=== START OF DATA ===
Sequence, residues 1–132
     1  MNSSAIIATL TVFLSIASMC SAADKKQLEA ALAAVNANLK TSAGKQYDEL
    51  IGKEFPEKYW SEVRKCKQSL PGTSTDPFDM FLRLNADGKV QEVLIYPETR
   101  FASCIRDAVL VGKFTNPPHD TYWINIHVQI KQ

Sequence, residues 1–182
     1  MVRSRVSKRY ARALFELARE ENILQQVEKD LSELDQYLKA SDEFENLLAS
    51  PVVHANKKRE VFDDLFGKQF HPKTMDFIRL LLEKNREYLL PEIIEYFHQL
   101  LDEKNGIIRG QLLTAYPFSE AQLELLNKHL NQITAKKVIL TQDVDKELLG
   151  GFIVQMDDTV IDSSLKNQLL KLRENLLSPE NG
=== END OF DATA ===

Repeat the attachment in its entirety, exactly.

Sequence, residues 1–132
     1  MNSSAIIATL TVFLSIASMC SAADKKQLEA ALAAVNANLK TSAGKQYDEL
    51  IGKEFPEKYW SEVRKCKQSL PGTSTDPFDM FLRLNADGKV QEVLIYPETR
   101  FASCIRDAVL VGKFTNPPHD TYWINIHVQI KQ

Sequence, residues 1–182
     1  MVRSRVSKRY ARALFELARE ENILQQVEKD LSELDQYLKA SDEFENLLAS
    51  PVVHANKKRE VFDDLFGKQF HPKTMDFIRL LLEKNREYLL PEIIEYFHQL
   101  LDEKNGIIRG QLLTAYPFSE AQLELLNKHL NQITAKKVIL TQDVDKELLG
   151  GFIVQMDDTV IDSSLKNQLL KLRENLLSPE NG